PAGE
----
And it was also really exciting to see them get excited about the spot robot that was walking the show floor. And was that great solutions. And it also came to a presentation that I did with Jake Hall just to see them light up when that thing came into the room. And ask questions about it and how they can get involved being either an intern or apprenticeship for robotics was really amazing because they're actually wanting to know more information about this sector. So that opened up my eyes to, OK, so how can we have more of these conversations with students before they start deciding what career they wanna go into?
Lisa McTigue Pierce
Yes. Excellent. And earlier this morning, I was at the Women's Leadership breakfast. And at the end of the breakfast — which was fantastic, Dawn Hudson. But at the end of it, they had put together a … whoever wanted to do a tour, show tour, and bring some students along with them as kind of like a teaching opportunity, to go ahead and do that. And they had set that up and I'm sorry I didn't know that they were doing it because that's right up my alley. I would love to do that kind of stuff. So next time I'll be ready.
OK, ready or not ready, Rick. It’s your turn. OK. Here we go. Rick Lingle, amazing senior technical editor for Packaging Digest. And I'm building him up way too much. The pressure is on.
Yes, you do. I wanna just point out that I had a new way to find a technology. Usually it's from walking the show floor here at Pack Expo, which there is a lot of floor and a lot of show. But I was introduced to a new contact the other night by food packaging expert and contributor Claire Sand.
And that led me to visiting the booth of the very oddly named Spookfish Innovations. Well, it turns out the name Spookfish is pretty appropriate. It's … spookfish is a real fish that has an eye on top of its head and another eye below its head. And so it sees things that most fish don't. Well, it turns out they have a technology that we talk about that's not involving fish at all, but it sees things that humans and standard inspection systems don't see.
The system is called Snipe. It cleverly combines World War II thermal technology — tried and true, been around for decades — with an infrared vision system. And then it also uses artificial intelligence as the brains of the whole system to pull it all together. It's applicable for induction sealed caps, heat sealed stick packs and any heat-sealed packaging such as flexible packaging.
Some of the key benefits to this are high line speeds, extremely high accuracy, there's no waste through destructive testing. It's proven. There are 70 units in Europe, and it can work for something. Examples of things that it detects are powder on the rim for an insufficient seal, or insufficient torque, which is a fairly common problem. I'm missing liner or torn liners. And it's appropriate for pharmaceutical, food, and industrial markets. You'll find Spookfish over in the West Hall in Booth 17033.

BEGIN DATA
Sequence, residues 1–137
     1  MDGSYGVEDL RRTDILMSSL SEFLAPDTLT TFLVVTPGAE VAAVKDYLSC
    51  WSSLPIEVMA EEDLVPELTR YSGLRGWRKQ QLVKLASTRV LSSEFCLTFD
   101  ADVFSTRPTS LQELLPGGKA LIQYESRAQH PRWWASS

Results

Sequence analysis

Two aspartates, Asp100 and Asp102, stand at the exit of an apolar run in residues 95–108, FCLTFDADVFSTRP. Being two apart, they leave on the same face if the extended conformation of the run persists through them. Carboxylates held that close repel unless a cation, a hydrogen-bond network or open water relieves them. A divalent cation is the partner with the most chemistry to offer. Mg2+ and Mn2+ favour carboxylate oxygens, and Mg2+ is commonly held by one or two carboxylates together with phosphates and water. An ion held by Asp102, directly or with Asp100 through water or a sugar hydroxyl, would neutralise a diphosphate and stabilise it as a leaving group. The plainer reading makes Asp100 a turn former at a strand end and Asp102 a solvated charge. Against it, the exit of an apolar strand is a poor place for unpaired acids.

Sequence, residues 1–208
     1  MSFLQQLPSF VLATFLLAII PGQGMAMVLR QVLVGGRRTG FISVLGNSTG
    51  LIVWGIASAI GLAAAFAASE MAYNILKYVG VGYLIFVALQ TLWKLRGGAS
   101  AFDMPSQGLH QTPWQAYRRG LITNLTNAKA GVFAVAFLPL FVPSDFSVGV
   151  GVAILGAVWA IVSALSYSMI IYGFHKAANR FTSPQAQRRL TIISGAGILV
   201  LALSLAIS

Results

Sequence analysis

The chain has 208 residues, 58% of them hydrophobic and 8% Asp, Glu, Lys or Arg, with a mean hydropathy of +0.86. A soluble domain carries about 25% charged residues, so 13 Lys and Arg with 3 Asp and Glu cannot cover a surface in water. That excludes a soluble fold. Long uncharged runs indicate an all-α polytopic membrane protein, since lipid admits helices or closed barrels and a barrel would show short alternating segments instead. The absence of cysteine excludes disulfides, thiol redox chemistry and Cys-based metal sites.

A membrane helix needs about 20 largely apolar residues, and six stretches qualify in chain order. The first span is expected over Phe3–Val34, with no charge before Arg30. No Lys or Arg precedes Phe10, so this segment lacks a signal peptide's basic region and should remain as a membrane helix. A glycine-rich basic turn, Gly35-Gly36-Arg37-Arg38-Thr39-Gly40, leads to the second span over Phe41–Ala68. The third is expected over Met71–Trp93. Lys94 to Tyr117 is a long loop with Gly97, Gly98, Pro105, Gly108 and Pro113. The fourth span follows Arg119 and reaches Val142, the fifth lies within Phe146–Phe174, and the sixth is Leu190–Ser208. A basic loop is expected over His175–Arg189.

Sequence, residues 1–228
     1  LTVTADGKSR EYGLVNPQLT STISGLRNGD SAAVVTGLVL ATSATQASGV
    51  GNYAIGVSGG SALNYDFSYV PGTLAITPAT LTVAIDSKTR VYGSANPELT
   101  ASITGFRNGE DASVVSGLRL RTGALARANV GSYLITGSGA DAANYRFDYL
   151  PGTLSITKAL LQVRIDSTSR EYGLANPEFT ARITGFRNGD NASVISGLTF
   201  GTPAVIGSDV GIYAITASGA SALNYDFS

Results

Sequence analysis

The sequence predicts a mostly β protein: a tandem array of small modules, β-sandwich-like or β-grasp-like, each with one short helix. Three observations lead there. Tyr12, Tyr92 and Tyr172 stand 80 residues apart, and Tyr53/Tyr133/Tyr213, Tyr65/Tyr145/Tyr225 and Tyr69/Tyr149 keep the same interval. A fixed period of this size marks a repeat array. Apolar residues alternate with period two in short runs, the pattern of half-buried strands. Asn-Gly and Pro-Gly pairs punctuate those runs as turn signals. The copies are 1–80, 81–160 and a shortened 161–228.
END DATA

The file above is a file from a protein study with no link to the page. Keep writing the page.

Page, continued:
Lisa McTigue Pierce
Excellent contribution. Right. Thank you so much. So I'm gonna end things off here. I came to the show looking for some very specific things. And one of them is small footprints on the machinery. And there's a lot of it here. But I did see one at the Coesia booth, which is in the South building: 2501. And this specific one was the MGS —that's Mary George Sam. It was their case packer, which is being touted as having one of the smallest footprints for the speed and the capability, for that kind of performance. In addition to having that small footprint already, they even had a little area built into it for future growth, which is always good because you never know what the future is going to hold, and you hope that the future does hold growth.
It's a top-load case packer, does about 15 to 20 cases per minute. And the footprint, because the footprint size is the biggest deal there that I wanted to talk about — the footprint of this system is 2.3 meters in width, 4 meters in length. And I meant to do the conversion on this before doing this podcast and, oops, forgot to do that. So anybody can do the conversion online. 2.3 meters in width. 4 meters in length [about 7.5 feet wide, 13 feet long]. I do, however, have the American measurements: 85 inches tall [about 7 feet]. And a couple other reasons why I wanted all of those measurements is because I was struck at the height.
One of the reasons why they have these small footprints is they are reaching now to the small and medium-sized manufacturers. Some of them are bringing in equipment into their facilities through double doors rather than some of those larger manufacturing facilities that have the large loading bays. And so that size is one of it.
But we all know that automation is big these days, partly because of the worker shortage and partly to improve productivity and all of that. The reason why small footprint is so much more important these days is because these plants already exist and, if you need more automation but you don't have the footprint for it in your plants, you do need to find room to bring in this additional automation. So small footprint. That's a good reason why small footprint is such a big deal.
I said that this was a case packer. It's actually erect, load, seal. And here at the show they were doing tape sealing, but it's also available with glue. And the loading operation was with the gantry-style robot, which gives a lot of flexibility from a product programming point of view.
So that wraps up Day 3 at Pack Expo 2022. Thanks again to our contributors here: Rick Lingle, Meaghan Ziemba, Claire Sand, John Henry. And of course, me, Lisa Pierce, thanks so much for listening.